Two is better than one. Being socially connected makes a big difference to your health and it is the quality of those connections that make a difference. We are created to be social beings and live in a community!
Both social isolation and loneliness increase mortality, regardless of whether the person has any health problems or doesn’t feel lonely (Demakakos et al. 2012).
The World Happiness Index considers factors such as life expectancy, generosity, freedom, corruption, and social support when determining global and individual country happiness (Helliwell et al. 2019).
Inequality has been a big factor that has caused a decrease in global happiness since 2007.
Developed and wealthier nations like the US, Germany, the United Kingdom and Australia are not featured in the top 10 happiest countries.
Having a social community around you helps decrease the negative side effects of worry, sadness and anger.
Loneliness is a growing issue that is continually increasing across the globe (Schulze 2018). But is significantly greater in societies and age groups where social media usage is the highest (Schulze 2018, No Isolation 2017).
Since 2009, adolescents’ communication via social media has increased, while face-to-face interaction has decreased (Helliwell et al. 2019). The more time they spent on social media, the more likely they are to be unhappy or depressed.
Build community with people that are positive and uplifting.
You can also strengthen your existing relationships by loving and, if needs be, forgiving those nearest to you and/or find new friends who are positively oriented with a like-minded community such as a sporting club or church group.
Volunteer to create more opportunities to be social (Musick & Wilson
Perform 5 acts of kindness to others per week (Lyubominsky et al. 2005; Nelson et al. 2016).
Smile and talk positively – these are infectious and draw others to you.
Be exposed to nature – it may boost kindness to others (Piff et al. 2015).
Learn to communicated effectively by being an active listener, expressing you thoughts, feelings and wants, using non-confrontational body language.
Learn skills to manage situations where conflict arises when your interests, needs, goals or values interfere with those of someone else.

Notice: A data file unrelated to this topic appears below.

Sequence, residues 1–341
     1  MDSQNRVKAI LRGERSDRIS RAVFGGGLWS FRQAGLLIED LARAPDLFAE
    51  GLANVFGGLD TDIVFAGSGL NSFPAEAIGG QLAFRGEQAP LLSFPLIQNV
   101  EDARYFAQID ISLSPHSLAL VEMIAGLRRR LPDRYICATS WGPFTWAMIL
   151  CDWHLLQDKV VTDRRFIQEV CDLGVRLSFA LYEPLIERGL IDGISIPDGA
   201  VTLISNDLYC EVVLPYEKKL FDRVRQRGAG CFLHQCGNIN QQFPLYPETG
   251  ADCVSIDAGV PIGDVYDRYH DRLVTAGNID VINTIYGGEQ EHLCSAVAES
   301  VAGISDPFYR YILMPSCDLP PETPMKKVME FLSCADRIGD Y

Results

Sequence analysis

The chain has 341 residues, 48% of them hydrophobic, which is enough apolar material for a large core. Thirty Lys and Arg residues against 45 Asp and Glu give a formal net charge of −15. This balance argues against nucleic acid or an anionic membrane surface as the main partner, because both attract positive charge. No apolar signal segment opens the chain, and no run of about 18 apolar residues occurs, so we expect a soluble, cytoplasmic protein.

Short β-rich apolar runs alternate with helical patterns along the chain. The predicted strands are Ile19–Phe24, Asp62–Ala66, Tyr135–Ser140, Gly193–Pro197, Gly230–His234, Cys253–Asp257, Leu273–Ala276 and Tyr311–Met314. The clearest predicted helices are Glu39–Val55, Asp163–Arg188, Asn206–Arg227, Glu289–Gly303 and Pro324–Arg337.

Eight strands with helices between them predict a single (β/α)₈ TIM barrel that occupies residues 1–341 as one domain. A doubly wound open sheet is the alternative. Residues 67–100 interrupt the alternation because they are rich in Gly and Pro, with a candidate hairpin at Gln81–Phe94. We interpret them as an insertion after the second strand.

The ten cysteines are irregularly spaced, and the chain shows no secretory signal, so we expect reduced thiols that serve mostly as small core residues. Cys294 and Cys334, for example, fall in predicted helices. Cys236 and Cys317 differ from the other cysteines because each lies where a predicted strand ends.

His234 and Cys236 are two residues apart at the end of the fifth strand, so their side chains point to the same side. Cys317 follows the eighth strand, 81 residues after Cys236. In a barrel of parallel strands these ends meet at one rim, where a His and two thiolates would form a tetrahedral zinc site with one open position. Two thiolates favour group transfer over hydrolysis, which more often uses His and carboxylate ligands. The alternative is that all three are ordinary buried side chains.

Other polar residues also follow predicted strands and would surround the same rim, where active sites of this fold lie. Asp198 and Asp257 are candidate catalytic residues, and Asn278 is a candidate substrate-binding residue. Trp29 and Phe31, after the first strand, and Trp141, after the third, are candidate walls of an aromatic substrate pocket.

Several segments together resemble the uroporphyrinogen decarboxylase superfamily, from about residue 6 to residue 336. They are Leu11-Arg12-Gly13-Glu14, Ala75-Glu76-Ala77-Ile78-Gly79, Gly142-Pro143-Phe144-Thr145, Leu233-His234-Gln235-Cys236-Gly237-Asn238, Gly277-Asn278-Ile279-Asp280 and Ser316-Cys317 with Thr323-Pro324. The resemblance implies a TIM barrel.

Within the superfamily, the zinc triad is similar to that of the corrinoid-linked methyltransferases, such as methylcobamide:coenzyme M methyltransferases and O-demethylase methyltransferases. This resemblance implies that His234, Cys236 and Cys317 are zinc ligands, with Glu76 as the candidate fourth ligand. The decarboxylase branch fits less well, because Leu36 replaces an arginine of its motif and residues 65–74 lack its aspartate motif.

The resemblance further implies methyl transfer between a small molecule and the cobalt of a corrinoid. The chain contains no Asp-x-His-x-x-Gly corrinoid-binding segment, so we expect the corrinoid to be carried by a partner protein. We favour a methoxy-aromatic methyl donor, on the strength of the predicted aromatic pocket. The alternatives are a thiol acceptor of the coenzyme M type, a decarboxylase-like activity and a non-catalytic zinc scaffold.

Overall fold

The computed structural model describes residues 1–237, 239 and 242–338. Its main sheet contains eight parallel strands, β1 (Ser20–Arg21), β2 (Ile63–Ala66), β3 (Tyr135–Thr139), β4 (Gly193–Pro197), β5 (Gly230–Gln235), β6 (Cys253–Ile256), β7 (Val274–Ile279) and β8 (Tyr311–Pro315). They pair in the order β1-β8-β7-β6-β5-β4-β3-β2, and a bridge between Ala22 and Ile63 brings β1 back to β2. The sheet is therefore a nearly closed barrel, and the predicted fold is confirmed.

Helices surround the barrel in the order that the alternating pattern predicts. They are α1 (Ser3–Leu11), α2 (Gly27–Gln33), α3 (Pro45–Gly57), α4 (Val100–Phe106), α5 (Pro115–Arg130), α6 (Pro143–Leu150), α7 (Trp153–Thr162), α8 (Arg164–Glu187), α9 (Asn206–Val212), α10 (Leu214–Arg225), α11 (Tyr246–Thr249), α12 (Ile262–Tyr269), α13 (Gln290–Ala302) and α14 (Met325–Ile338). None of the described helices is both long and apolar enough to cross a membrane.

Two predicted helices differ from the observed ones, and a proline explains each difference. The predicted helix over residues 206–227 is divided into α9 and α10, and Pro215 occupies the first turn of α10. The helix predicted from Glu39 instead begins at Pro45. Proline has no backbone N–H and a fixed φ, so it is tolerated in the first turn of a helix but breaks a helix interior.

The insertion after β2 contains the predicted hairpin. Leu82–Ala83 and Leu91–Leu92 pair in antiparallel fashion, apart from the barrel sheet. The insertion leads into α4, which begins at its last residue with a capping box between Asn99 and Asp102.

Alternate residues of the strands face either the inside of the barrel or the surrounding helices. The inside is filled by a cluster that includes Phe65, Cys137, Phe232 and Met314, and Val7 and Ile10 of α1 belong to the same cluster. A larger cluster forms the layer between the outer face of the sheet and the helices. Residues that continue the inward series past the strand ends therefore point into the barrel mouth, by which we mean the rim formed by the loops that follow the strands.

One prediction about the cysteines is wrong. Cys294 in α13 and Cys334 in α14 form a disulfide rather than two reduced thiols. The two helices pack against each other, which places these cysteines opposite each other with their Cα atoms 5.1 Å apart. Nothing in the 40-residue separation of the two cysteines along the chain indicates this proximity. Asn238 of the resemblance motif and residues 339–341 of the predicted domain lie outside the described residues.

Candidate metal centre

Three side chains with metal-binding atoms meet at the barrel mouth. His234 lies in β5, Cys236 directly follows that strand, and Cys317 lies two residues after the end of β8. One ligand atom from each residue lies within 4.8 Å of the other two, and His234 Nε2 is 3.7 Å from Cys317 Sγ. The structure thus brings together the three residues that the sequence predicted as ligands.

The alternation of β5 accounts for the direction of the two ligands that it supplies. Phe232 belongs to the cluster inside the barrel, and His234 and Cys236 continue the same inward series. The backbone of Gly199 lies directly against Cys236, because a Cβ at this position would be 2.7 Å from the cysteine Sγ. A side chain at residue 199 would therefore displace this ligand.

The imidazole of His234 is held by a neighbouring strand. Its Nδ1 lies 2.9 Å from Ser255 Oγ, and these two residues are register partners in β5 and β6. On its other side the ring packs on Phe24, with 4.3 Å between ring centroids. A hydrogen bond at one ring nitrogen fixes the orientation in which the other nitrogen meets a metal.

Learn to appreciate your own culture as well as other cultures.
Demakakos, P, Shankar A, Steptoe A, Wardle J. Social isolation, loneliness, and all-cause mortality in older men and women. Proceedings of the National Academy of Sciences. 2012; 110(15): 5797-801.
Schulze H. Harvard Health. Loneliness: an epidemic? April 16 2018. Harvard Health. Accessed 26/03/2019 http://sitn.hms.harvard.edu/flash/2018/loneliness-an-epidemic/
Helliwell J, Layard R, Sachs J. (2019). World Happiness Report 2019, New York: Sustainable Development Solutions Network. Accessed 25/03/2019 http://worldhappiness.report/ed/2019/#read
Lyubomirsky S, Sheldon KM, Schkade D. Pursuing happiness: The architecture of sustainable change. Review of General Psychology. 2005; 9(2): 111-131.
Musick MA, Wilson J. Volunteering and depression: The role of psychological and social resources in different age groups. Social Science and Medicine. 2003; 56(2): 259-269.
Nelson SK, Layous K, Cole SW, Lyubomirsky S. Do unto others or treat yourself? The effects of prosocial and self-focused behavior on psychological flourishing. Emotion. 2016; 16(6): 850-861.
No Isolation. 2017. The prevalence of social isolation in Europe. 27/04/2017 Access ed 26/03/2019. www.noisolation.com/global/research/the-prevalence-of-social-isolation-in-europe/
Piff PK, Dietze P, Feinberg M, Stancato DM, Keltner D. Awe, the small self, and prosocial behavior. Journal of Personality and Social Psychology, 2015; 108(6): 883-899.
WEF. 2019. The world’s happiest countries in 2016. World Economic Forum. Accessed 25/03/2019. https://www.weforum.org/agenda/2016/11/the-worlds-happiest-countries-in-2016/